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Trucker charged in crash that killed state trooper on Tri-State

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Updated: December 15, 2013 11:39AM

Wisconsin truck driver Andrew Bokelman had been on the road about two hours, pulling a 9,000-pound trailer of household goods to Kentucky when tragedy struck late last March.

Bokelman, 26, had already worked a 12-hour shift when he dozed off behind the wheel on the Tri-State Tollway near Glenview about 11 p.m. on March 28, prosecutors said.

When he awoke, his truck was on fire and he had slammed into Illinois State Trooper James Sauter’s patrol car and pushed it 540 feet along a center median, prosecutors said.

Sauter, 28, died at the scene from injuries in the crash. On Wednesday, Bokelman, of Lomira, Wis., was charged with three felonies in Cook County court for violating federal safety laws meant to keep tired truck drivers off the road. He faces one to three years in prison for each count.

Judge Marguerite A. Quinn set bond at $125,000. Bokelman later posted the $12,500 required to be released from custody and headed back to Wisconsin, his attorney said.

“At the end of the day it’s a tragedy for everybody involved,” Capt. Joseph Perez of the Illinois State Police said after the hearing in Skokie, which was packed with more than 50 troopers. “It’s a tragedy for Trooper Sauter, it’s a tragedy for his family and it’s a tragedy for the Bokelman family.”

Bokelman’s mother, father and brother attended the hearing but declined to comment.

After the crash, the driver’s side door of Bokelman truck was wedged against the median, Assistant State’s Attorney Diann Sheridan said in court.

So he climbed out the passenger side and vainly tried to rescue Sauter, who had been parked on the left shoulder of the tollway with his lights off just before the crash, Sheridan said.

Using a pocketknife, Bokelman cut the seat belt off the trooper and tried to drag him out of the wreckage by the shoulders. But a fireball exploded, knocking Bokelman back, Sheridan said.

When he was later questioned, his hair and nostrils had been singed by the flames, Sheridan said in court.

“From the beginning — for both sides — everybody has had nothing but heartfelt sympathy for Trooper Sauter, his wife and his family,” said David Studenroth, Bokelman’s lawyer, noting that his client tested negative for drugs or alcohol.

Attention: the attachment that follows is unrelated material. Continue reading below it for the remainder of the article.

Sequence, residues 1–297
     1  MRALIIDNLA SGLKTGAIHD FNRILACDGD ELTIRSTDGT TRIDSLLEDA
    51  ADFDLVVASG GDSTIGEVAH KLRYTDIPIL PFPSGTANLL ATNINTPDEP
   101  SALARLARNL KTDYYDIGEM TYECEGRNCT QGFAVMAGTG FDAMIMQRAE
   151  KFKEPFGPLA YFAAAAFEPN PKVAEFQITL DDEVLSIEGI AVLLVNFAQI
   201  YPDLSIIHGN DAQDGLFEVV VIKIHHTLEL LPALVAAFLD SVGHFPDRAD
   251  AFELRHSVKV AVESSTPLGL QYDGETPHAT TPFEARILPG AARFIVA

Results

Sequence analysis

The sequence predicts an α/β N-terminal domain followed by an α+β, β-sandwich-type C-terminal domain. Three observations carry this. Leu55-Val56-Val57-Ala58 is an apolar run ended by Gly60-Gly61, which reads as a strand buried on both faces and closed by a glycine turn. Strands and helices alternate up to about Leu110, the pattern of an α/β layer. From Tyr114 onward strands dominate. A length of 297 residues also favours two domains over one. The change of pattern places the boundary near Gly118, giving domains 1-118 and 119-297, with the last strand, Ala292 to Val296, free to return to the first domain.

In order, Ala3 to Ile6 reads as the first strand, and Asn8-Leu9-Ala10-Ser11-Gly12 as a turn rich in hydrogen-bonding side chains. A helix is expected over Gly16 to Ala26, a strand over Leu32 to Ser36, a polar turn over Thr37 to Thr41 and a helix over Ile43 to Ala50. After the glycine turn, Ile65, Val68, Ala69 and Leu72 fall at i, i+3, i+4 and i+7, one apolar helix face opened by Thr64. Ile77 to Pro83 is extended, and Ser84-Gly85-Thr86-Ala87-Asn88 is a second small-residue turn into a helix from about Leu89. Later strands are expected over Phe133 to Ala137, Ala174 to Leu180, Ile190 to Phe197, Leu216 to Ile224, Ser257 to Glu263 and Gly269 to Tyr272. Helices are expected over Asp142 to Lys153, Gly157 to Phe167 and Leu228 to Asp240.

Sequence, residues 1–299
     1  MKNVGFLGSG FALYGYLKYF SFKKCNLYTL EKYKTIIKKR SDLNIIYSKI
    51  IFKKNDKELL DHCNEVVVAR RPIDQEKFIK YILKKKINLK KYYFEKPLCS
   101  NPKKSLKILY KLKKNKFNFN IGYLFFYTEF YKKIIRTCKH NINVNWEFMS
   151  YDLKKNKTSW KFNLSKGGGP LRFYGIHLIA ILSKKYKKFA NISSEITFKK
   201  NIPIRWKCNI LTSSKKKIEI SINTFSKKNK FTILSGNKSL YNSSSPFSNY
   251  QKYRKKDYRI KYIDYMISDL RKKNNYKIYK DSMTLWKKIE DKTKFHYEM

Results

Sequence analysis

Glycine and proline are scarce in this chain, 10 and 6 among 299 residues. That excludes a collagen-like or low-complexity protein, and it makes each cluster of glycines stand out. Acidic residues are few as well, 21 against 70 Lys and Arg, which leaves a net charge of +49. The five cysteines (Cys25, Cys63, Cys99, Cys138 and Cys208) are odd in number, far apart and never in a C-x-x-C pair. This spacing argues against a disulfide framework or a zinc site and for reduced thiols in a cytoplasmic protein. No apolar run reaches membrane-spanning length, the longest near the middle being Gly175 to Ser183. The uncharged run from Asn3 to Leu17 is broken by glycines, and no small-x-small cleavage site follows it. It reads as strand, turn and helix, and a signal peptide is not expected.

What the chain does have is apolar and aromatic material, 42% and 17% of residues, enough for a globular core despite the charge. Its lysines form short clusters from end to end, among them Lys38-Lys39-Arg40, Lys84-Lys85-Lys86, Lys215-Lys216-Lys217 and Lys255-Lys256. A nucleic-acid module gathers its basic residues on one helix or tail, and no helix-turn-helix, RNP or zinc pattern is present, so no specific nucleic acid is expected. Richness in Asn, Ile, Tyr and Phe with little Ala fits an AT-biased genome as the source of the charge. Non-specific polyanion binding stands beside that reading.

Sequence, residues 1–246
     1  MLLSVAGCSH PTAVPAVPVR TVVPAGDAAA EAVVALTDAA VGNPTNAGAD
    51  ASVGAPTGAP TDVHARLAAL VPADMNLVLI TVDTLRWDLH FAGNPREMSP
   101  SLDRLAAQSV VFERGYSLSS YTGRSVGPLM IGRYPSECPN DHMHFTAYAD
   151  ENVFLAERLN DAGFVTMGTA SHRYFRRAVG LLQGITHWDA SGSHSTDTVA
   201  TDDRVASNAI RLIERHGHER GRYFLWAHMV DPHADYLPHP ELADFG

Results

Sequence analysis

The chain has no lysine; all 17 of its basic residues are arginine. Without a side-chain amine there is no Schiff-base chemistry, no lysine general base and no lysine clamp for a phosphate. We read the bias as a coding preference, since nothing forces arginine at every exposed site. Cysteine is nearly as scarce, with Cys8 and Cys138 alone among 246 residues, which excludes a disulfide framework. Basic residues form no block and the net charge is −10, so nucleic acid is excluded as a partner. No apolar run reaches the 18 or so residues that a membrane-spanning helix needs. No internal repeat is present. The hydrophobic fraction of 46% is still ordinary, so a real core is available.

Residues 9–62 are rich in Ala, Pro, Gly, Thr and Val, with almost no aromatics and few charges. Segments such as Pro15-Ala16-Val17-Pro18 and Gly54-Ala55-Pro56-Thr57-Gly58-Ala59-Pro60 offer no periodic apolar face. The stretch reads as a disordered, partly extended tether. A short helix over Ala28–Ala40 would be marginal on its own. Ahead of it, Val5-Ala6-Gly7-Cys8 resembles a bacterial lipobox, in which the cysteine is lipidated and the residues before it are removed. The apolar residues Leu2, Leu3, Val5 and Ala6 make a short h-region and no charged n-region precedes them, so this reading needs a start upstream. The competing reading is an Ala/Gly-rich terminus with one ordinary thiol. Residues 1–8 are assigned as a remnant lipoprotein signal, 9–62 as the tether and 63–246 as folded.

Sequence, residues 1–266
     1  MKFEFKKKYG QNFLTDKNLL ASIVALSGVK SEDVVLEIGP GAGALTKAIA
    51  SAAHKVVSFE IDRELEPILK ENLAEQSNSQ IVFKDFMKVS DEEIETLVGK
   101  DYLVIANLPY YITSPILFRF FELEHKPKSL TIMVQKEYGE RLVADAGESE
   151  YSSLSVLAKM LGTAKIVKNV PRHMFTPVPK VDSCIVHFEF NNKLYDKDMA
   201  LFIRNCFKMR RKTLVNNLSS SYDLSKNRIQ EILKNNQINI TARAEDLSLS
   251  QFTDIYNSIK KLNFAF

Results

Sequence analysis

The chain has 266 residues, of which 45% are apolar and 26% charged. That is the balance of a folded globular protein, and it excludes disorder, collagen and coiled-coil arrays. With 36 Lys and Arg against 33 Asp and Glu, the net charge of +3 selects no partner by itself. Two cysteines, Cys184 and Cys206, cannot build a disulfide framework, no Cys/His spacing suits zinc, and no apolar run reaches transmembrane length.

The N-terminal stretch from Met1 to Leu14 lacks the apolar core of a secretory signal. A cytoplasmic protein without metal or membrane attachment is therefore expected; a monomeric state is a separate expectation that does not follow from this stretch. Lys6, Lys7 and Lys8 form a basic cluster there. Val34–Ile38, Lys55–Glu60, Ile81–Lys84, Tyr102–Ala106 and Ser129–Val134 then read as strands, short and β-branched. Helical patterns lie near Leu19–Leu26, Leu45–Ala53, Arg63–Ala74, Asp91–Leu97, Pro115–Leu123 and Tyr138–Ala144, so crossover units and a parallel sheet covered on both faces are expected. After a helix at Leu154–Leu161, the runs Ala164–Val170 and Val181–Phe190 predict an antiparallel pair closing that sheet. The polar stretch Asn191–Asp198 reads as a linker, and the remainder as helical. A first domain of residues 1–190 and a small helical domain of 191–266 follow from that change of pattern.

State Police conducted a lengthy investigation, but there was not enough evidence to charge Bokelman with Sauter’s death, said Perez, adding that he thought the charges against Bokelman were appropriate.

Prosecutors and Bokelman’s defense attorney said he cooperated fully with the investigation.

Under the safety rules, Bokelman was charged with driving after a work period of 14 consecutive hours without taking 10 consecutive hours off; operating a commercial vehicle while fatigued, and falsely reporting himself as eligible to drive when he was not, according to prosecutors.

Bokelman’s truck also was traveling in the left lane of the expressway, a witness told police, even though semitrailers are supposed to stay in the right two lanes, according to authorities. Bokelman was charged with improper lane usage the day of the crash, but the ticket was dismissed on April 15.

The Chicago Sun-Times first disclosed in June that federal investigators found that Bokelman had been working more than 14 hours before the crash. Bokelman, who investigators said worked for United Van Lines agent Barrett Moving and Storage, was fined $2,500 as recommended.

United Van Lines was fined $5,500, but records show its recommended fine was twice that — $11,000. A spokesman for the Federal Motor Carrier Safety Administration said United Van Lines’ fine was capped at $5,500 per policy because Bokelman broke the rule once in seven days.

Investigators said Bokelman worked for Barrett from 6:31 a.m. until 6:32 p.m. the day of the crash. A federal spokesman said Bokelman had been loading and unloading trucks “all day long.” Then, between 7:14 p.m. and 7:34 p.m., the trailer later involved in the crash was moved within Waukesha, Wis., according to GPS reports.

The trailer began to travel again at 8:49 p.m., investigators wrote, and didn’t stop until 11:03 p.m., when it crashed in Cook County. The records say Bokelman was behind the wheel.

United Van Lines issued a statement this summer that it was fully cooperating with authorities and was “deeply saddened by the loss of Trooper Sauter.” An attorney working on United’s behalf said in June the company didn’t know about Bokelman’s work hours.

He said Bokelman didn’t begin to operate under United Van Lines’ interstate authority until 8:49 p.m., and he said the company didn’t dispatch him. But a federal spokesman said the company was fined because Bokelman broke the rule while working for United.

Records show Bokelman was hired in December with no previous truck-driving experience except for a Class A Commercial Truck Driving program he finished in fall 2012. He was given entry-level driver training and a road test after he was hired, an investigator wrote.

Sauter had been a trooper since 2008 and earned a lifesaving medal as a cadet for coming to the aid of a female motorcycle crash victim that year.

“No fine or jail time can begin to replace the courage and honor of this exceptional trooper, son and husband,” Illinois State Police Director Hiram Grau said in a statement. “The men and women of the Illinois State Police will never forget James’ unselfish sacrifice and his service to this agency and we will always honor his legacy.”

Contributing: Stefano Esposito

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